Last updated: 15.01.15

Are attitudes towards retirement changing?

Attitudes towards retirement and the challenges that older workers can face are changing as government research has revealed that nearly half of over-50s in the UK want to stay in employment between the ages of 65 and 70.

The survey of over 2,000 retired and non-retired people aged over 50, conducted by YouGov, formed part of Dr Ros Altmann's work as the recently appointed 'business champion for older workers'.

It revealed that nearly two-thirds of respondents don't believe that working full-time and then completely stopping is the best approach to retirement. Instead, more flexible approaches were favoured, with one in four over-50s expressing interest in alternative retirement methods like taking a few months off and then returning to work.

On the other hand, 39 per cent of employed over-50s said they would prefer to work part-time or more flexible hours before stopping work altogether.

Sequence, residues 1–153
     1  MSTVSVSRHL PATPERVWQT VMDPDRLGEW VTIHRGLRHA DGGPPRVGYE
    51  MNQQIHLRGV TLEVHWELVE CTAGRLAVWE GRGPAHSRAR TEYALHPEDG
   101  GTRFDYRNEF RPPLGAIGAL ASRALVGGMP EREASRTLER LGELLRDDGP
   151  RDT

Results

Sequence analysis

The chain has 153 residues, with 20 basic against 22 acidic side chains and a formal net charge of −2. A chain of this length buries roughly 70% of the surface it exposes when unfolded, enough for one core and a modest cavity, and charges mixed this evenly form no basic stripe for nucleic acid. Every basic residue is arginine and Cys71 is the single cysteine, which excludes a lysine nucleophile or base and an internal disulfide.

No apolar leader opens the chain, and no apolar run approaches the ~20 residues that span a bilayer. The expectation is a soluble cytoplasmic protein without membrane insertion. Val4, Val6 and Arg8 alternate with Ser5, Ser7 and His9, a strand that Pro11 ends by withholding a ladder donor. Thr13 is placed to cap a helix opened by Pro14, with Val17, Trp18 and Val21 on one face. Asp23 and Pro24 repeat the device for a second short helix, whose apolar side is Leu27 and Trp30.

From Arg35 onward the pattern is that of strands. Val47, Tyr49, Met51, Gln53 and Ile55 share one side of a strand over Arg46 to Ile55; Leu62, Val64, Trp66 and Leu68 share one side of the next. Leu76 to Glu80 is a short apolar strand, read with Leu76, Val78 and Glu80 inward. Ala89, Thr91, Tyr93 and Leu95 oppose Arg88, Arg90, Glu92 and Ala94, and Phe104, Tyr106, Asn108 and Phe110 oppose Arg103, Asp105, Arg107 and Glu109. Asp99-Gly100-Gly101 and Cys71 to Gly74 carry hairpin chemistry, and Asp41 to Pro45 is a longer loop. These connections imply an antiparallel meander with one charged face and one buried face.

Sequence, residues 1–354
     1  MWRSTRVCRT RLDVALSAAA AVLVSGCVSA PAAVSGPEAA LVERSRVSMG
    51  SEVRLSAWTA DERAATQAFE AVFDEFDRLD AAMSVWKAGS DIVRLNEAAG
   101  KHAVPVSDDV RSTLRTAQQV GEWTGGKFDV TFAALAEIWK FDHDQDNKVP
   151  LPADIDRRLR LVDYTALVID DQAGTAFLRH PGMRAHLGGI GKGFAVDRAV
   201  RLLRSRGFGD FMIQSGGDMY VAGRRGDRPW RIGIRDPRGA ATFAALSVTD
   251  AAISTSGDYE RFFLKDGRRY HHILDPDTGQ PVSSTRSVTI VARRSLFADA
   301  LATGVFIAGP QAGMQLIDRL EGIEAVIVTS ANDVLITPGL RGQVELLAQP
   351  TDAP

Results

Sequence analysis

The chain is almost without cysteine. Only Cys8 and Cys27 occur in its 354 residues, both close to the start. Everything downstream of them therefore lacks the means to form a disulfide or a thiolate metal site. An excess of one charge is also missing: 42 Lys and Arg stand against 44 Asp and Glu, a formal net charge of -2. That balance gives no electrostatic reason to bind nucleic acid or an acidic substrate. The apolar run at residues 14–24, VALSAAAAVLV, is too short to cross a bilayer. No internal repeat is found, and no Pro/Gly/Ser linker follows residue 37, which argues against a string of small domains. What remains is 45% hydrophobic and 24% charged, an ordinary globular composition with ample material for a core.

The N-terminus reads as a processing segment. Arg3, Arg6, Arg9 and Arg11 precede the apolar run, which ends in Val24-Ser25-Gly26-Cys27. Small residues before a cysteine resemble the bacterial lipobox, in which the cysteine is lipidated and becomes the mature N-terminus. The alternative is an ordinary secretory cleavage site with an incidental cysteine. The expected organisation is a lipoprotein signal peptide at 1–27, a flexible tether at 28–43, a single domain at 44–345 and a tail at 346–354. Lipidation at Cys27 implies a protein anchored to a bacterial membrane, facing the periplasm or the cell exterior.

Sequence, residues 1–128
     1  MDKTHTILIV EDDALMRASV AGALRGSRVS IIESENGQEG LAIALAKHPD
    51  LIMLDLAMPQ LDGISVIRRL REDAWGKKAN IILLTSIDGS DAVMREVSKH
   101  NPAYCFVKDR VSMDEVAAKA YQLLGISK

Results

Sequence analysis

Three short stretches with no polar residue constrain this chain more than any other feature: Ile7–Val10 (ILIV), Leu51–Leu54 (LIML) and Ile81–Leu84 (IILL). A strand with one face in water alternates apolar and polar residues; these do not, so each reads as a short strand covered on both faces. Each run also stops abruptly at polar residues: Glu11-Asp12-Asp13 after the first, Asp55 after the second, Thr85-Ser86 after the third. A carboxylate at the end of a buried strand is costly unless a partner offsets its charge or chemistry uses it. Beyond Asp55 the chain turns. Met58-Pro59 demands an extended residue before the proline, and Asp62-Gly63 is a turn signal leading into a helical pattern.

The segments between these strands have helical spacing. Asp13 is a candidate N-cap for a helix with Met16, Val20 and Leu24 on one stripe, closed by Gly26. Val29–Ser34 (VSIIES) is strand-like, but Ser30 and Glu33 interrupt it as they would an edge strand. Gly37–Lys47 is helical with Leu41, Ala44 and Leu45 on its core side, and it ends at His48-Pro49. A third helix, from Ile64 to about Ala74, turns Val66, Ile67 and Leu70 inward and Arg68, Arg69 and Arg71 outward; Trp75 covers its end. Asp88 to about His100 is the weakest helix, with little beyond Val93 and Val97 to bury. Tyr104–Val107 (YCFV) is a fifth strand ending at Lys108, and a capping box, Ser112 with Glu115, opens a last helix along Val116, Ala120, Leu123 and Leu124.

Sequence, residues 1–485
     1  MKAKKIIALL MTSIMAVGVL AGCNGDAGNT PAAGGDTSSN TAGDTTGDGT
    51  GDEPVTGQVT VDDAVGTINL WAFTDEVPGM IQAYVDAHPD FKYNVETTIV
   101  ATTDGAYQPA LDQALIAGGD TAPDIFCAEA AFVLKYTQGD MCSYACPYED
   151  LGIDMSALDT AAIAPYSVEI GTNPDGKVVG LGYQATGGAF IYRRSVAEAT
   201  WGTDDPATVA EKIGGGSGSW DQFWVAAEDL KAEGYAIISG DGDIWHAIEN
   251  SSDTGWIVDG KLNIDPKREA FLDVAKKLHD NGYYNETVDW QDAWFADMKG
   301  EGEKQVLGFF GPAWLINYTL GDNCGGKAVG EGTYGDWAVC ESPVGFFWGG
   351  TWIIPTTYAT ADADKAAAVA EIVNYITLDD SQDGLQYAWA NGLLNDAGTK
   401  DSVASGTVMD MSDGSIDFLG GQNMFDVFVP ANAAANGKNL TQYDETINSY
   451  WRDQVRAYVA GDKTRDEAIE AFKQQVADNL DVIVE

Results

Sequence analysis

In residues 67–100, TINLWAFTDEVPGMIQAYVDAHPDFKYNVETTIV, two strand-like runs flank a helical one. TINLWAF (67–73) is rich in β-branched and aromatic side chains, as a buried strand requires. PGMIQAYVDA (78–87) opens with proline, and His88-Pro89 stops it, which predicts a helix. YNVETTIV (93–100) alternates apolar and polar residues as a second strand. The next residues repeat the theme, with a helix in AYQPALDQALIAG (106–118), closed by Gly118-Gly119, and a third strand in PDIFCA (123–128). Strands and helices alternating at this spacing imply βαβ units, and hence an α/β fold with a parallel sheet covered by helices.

Alongside showing changing attitudes to working in later life, the research exposed the challenges that older workers can face.

Some 23 per cent of employees aged over 50 reported feeling viewed 'less favourably than younger workers', while 15 per cent admitted to experiencing age-based discrimination in the workplace.

Steve Webb, minister for pensions, said: "The results show there is no single view of retirement any more, but the message from older workers is clear; employers need to keep up with changes to society and we have to ensure over-50s have the skills in place to continue developing their careers throughout their working lives.

"We are making giant steps in improving this support with almost 250,000 more people aged 50 to 64 joining the labour market over the last year and over a million workers aged 65 and over now in work."

Ms Altmann's research is due to launch in April and will introduce older workers' "champions" into UK job centres, who will offer career support, guidance and advice to those aged over 50 who are struggling to find employment.

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